IBM recently announced a new line of “standardized” service offerings. ComputerWorld has an article today expressing some concerns from customers, who wonder whether they will continue receive the same level of service from IBM as in the past.
Beyond IT Failure
Michael Krigsman is a recognized authority on the causes and prevention of IT failures.
Michael Krigsman is an internationally recognized analyst, strategy advisor, and authority on enterprise software leadership, CIO innovation, and social business. Interact with Michael on Twitter at @mkrigsman.
The UK National Health Service (NHS) is in the midst of a £12.4 billion IT project meltdown, which has been called the “greatest IT disaster in history”.
A report by the Work Foundation in the UK is sharply critical of public sector ICT (information and communication technology) projects, saying that “too much recklessness blights government IT projects.”The press release includes the following tidbits:Contrary to the stereotype, public sector managers have sometimes been too gung-ho in their attitude to risk when developing and implementing information technology projects, wasting many millions of pounds of taxpayer’s money in the process.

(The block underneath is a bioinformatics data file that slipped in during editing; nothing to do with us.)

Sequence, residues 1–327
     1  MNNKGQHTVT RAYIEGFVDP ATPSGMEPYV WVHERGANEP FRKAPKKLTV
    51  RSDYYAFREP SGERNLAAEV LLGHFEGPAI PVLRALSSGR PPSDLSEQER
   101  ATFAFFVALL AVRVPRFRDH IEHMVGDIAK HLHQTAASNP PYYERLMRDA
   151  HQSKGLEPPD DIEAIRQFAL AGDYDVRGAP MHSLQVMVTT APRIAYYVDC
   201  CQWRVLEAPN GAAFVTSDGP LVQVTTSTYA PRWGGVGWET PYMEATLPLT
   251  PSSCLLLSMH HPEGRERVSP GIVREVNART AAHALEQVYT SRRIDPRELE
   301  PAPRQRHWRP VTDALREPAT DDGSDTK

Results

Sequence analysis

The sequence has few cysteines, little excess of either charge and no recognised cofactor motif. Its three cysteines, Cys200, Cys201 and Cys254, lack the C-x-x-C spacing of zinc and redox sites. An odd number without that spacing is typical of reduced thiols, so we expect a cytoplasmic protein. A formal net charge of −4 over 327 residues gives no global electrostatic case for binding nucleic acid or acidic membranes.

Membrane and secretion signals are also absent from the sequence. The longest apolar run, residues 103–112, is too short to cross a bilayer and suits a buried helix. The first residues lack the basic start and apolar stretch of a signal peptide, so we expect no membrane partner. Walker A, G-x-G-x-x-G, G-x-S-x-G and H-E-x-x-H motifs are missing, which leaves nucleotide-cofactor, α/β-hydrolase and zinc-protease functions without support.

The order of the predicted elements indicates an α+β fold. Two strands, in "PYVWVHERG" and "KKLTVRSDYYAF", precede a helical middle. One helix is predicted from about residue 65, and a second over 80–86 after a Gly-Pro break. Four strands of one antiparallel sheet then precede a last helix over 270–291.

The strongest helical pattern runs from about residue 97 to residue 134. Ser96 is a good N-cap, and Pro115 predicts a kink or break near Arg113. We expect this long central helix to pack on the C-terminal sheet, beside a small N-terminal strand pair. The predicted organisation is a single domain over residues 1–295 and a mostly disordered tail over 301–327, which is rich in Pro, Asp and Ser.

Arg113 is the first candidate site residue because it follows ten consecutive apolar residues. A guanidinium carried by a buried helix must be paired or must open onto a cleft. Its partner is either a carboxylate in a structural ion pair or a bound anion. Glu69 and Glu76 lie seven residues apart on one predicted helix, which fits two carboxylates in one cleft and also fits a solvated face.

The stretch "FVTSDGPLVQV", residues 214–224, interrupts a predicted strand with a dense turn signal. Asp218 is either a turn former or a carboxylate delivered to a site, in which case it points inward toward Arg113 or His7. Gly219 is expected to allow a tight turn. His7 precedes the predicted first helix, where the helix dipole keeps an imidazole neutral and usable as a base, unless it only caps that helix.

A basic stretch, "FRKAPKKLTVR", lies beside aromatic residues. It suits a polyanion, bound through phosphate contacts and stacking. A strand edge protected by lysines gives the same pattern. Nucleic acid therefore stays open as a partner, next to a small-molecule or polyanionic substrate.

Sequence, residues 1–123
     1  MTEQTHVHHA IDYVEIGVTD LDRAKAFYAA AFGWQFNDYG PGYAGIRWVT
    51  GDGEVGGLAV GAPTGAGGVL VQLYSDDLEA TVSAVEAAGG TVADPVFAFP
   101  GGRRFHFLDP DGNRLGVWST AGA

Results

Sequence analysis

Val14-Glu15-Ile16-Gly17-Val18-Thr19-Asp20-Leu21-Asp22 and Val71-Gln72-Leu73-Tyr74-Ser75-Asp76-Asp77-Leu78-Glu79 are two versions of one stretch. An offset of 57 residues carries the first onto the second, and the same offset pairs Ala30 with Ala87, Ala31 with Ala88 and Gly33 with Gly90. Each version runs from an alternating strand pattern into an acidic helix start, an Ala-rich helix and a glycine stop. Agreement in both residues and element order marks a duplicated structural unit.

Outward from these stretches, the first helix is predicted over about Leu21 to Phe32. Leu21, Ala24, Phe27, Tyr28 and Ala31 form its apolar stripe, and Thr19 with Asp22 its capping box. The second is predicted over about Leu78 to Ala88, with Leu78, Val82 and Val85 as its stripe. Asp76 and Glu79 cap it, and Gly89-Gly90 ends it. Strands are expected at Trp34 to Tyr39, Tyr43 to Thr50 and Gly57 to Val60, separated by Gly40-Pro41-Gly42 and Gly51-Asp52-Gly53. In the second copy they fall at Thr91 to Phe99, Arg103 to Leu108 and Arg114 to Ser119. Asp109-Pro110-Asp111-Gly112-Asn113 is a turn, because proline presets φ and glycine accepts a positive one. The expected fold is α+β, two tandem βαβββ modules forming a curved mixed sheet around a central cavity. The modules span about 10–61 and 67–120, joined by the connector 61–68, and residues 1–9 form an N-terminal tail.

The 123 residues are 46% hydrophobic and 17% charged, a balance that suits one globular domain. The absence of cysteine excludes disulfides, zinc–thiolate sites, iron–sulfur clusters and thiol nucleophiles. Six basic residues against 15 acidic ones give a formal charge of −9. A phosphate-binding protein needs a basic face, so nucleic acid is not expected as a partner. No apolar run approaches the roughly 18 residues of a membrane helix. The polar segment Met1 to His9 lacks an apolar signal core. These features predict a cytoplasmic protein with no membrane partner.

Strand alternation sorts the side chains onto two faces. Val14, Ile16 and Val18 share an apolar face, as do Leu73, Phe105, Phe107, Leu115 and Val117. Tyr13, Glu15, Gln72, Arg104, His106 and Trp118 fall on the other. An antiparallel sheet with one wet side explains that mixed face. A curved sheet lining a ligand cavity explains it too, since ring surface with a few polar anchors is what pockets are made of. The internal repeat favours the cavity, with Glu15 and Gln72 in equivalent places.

Well, this is unusual. New Age Electronics has promoted Sam Changizi, its Director of Information Technology, to the position of CIO.
Hourly billing arrangements are typical on IT projects. However, open-ended billing can create an incentive for consultants to work lots of hours, potentially increasing project duration and cost beyond what may strictly be required.
Vinnie Mirchandani posted an insightful comment on this blog related to software implementation time and cost. He correctly points out that even so-called “successful” implementations often run substantially over-budget.
ComputerWorld offers a ten-point prescription for rescuing a failed project. From the article:Denial can also come into play.
Dear Gentle Reader: Please forgive the digression, but this post is not about project failures.Occasionally something comes along which I want to share.
The following quote is taken from an article explaining key differences between open source and commercial ERP software:Open Source ERP does not require much training. The source code is more than a training manual.
Dan Tynan writes in InfoWorld about consultants who seem to hang around forever and suggests methods for escape. You know the type: they rack up endless billing for their clients without much to show for it.